02 December 1996

How to Start A Classic Video Game Collection Part 1: Picking a System (originally for Suite 101)

[Suite 101 articles introduction]

If you're new to the hobby of collecting classic video games, you might be wondering how you should start a collection. If you're lucky, you still own your childhood system. If you're not so lucky, I'll give you some advice in this first series of editorials. Future editorials will cover a quick comparison of the systems, where to find them, and what prices you can expect to pay. For now, let's get started by trying to choose a system to start your collection.

You have lots of choices, but you're probably better off starting with something relatively easy to find with a large library of cartridges. By far, the easiest system to find (and find games for) is the Atari 2600. Next would be the Mattel Intellivision. After that, it depends on where you live, but likely choices are the Magnavox Odyssey², Coleco Colecovision, Atari 5200, and Atari 7800. There is one special case: the GCE/Milton Bradley Vectrex. If you see one, buy it! (If it's reasonably priced, which for a Vectrex is $30 and under.) If you don't like it, you'll be able to sell it or trade it for nearly any other system because of its rarity.

Of course, there are other factors to consider. You might want to collect for the system you used to have so long ago. You might even go searching at thrift stores and yard sales and just start with the first system you find. If you're particularly wealthy, you might just go out and buy everything you can find. All of these choices are fine. It's just a hobby, so there is no right or wrong. I would encourage you to start with a system you know or suspect you would enjoy playing. That's the reason most people start this hobby; they simply enjoy the games.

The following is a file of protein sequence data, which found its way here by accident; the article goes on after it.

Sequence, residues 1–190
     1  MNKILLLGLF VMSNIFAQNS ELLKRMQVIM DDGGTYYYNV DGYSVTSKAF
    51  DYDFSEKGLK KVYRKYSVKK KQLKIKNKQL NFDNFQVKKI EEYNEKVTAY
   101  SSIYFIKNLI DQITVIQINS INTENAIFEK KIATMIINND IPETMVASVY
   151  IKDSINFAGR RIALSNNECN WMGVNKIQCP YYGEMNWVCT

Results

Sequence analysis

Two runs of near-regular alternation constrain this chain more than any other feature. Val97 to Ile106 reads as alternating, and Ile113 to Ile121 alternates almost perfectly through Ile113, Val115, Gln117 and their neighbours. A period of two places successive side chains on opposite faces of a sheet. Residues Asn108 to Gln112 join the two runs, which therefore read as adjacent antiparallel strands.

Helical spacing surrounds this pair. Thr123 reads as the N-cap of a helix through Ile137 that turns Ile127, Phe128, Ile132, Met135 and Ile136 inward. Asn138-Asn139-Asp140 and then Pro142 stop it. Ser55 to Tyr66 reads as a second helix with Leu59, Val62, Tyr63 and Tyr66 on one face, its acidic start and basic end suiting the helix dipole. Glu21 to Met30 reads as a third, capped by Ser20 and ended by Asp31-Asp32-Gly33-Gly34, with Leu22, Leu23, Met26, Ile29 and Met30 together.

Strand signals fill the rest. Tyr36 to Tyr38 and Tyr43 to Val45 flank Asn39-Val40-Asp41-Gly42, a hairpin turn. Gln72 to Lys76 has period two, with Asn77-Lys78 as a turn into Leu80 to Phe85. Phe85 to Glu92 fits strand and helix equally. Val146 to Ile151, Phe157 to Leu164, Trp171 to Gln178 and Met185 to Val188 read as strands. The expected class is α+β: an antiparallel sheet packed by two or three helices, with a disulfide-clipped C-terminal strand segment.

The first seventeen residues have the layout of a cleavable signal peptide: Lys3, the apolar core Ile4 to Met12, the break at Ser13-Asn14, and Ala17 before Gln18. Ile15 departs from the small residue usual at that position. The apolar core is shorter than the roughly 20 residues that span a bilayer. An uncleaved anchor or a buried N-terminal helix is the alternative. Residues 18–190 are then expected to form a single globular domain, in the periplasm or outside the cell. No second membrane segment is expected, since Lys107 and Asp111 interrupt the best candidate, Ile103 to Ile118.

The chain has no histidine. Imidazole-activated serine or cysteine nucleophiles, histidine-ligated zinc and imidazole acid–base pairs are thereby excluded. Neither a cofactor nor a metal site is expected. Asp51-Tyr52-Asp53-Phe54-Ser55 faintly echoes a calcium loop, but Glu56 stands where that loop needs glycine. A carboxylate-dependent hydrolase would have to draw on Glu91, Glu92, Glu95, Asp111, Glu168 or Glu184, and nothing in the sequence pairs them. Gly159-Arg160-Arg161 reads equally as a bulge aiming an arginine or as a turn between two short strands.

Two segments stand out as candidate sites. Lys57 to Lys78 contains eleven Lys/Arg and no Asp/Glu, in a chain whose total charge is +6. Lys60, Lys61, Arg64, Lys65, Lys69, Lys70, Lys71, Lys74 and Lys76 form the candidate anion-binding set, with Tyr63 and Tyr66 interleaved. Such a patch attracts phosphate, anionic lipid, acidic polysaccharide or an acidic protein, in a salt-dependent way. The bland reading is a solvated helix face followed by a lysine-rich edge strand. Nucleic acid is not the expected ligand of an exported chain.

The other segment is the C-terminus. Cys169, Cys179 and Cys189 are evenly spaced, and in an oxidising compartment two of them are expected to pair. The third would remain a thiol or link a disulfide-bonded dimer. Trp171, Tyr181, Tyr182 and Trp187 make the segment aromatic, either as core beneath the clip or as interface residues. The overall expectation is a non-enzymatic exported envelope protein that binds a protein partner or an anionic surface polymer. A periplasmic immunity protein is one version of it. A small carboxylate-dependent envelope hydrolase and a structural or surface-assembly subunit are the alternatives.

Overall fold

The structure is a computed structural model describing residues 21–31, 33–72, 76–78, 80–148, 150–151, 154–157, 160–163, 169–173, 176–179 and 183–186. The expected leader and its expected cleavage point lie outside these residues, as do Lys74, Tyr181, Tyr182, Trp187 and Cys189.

If you're still uncertain which system would be best for you, I'll briefly discuss each in my next editorial. Meanwhile, I encourage you to use the classic home video games resources here at Suite 101 to start learning on your own.

Copyright 1996 i5ive communications inc. Used with permission.

[April 26, 2013: Actually, I think anything under $100 was pretty reasonable for a Vectrex back then. Today, under $100 would seem to be a really good price for one in good shape.]

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